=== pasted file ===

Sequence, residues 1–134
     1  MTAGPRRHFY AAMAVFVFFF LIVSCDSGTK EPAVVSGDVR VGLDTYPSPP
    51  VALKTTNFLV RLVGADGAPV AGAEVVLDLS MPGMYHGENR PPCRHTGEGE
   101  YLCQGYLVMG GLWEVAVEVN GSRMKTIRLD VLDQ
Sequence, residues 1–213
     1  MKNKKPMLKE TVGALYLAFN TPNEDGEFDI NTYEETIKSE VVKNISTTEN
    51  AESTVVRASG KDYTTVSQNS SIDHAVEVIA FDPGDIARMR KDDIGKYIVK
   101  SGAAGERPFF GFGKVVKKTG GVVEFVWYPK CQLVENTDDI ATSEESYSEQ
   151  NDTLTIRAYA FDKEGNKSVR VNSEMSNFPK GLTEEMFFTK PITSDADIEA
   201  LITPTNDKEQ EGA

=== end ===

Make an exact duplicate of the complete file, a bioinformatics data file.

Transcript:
Sequence, residues 1–134
     1  MTAGPRRHFY AAMAVFVFFF LIVSCDSGTK EPAVVSGDVR VGLDTYPSPP
    51  VALKTTNFLV RLVGADGAPV AGAEVVLDLS MPGMYHGENR PPCRHTGEGE
   101  YLCQGYLVMG GLWEVAVEVN GSRMKTIRLD VLDQ
Sequence, residues 1–213
     1  MKNKKPMLKE TVGALYLAFN TPNEDGEFDI NTYEETIKSE VVKNISTTEN
    51  AESTVVRASG KDYTTVSQNS SIDHAVEVIA FDPGDIARMR KDDIGKYIVK
   101  SGAAGERPFF GFGKVVKKTG GVVEFVWYPK CQLVENTDDI ATSEESYSEQ
   151  NDTLTIRAYA FDKEGNKSVR VNSEMSNFPK GLTEEMFFTK PITSDADIEA
   201  LITPTNDKEQ EGA